Blepharokeratoconjunctivitis is a chronic inflammatory eye disease of the ocular surface that is often an underdiagnosed in children. This condition may impact visual acuity and in rare cases can cause corneal perforation and damage may occur leading to vision loss.
Symptoms for chronic blepharokeratoconjunctivitis may include chronic eye lid inflammation, recurrent meibomian cysts, conjunctivitis, scarring and perforation, the presence of tearing, photophobia, red eyes and keratitis to name a few.
Although recurrences are common, this condition may be successfully managed with a range of therapies including, eye lid hygiene, warm compresses, ointment, topical antibiotics, topical corticosteroids and systemic antibiotics. The prevalence of corneal damage may increase with delayed diagnosis.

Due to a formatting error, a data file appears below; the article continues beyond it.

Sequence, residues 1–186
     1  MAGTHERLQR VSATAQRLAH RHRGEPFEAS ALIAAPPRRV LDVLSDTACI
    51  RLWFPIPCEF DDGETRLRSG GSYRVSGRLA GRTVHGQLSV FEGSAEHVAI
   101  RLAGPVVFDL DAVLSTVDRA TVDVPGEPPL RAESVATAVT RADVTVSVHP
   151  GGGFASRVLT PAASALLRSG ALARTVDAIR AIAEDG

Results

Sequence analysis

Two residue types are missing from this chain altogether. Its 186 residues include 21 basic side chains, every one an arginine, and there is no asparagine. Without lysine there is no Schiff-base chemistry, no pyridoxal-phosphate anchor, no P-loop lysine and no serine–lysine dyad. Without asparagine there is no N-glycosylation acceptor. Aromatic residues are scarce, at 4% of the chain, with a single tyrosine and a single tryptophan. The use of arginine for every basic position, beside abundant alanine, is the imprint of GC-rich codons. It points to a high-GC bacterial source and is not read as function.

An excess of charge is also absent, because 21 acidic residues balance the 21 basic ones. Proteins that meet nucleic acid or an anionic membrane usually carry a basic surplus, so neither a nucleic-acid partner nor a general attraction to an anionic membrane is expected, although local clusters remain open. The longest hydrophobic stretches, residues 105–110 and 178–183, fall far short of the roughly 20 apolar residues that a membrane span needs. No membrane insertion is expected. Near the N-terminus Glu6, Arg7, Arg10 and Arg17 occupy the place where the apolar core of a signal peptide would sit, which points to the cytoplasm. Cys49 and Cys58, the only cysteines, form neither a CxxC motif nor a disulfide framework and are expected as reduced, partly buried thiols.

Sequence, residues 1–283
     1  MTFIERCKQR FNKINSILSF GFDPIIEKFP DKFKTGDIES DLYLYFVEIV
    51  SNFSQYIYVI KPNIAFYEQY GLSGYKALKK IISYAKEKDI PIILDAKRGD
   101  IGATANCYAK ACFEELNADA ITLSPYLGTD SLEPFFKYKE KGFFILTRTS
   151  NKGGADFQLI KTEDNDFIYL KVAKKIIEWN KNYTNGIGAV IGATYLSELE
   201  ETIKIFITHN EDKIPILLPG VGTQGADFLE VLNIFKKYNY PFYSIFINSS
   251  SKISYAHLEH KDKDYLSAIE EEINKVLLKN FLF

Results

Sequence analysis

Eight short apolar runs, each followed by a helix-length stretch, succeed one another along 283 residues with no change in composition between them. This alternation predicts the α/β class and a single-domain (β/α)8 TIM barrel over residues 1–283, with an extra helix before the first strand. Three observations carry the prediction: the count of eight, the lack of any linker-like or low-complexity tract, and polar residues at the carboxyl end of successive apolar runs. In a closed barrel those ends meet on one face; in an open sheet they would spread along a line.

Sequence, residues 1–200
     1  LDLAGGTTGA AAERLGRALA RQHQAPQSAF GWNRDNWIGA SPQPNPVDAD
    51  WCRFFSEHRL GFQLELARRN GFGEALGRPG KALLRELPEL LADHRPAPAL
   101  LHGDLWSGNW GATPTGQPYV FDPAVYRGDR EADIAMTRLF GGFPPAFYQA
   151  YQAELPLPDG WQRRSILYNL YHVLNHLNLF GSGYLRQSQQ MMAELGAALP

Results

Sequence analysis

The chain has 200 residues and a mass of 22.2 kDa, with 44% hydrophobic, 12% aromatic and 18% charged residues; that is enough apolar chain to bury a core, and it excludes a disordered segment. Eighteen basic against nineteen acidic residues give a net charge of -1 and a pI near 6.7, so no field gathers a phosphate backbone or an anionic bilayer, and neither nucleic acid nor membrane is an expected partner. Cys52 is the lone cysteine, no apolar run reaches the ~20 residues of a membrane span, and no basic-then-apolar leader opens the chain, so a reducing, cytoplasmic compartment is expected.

Although the disease is similar in children and adults, the visual outcome is noticeably worse amongst children. Blepharoconjunctivitis in children is characterised by blepharitis with recurring episodes of conjunctivitis and keratopathy. Blepharokeratoconjunctivitis is a common reason for cornea referrals in children, however, the disease rarely progresses after age 8.
Adult blepharoconjunctivitis is seen to be more responsive to treatment than other forms of chronic blepharoconjunctivitis. The eye condition is also a lot more common among certain countries particularly in Asia and the Middle East.
If you notice any changes or differences in your child’s vision, it is important to see an ophthalmologist. Regular eye exams can identify any underlying eye conditions, this provides better chances for the management and treatment of eye problems.
Author: Samer Hamada is a distinguished consultant ophthalmologist and cornea surgeon performing eye surgeries at his practice, Eye Clinic London. With nearly two decades’ experience, Mr. Hamada is recognised as a leading expert in the field of cataract, refractive lens exchange (RLE) and corneal surgeries.
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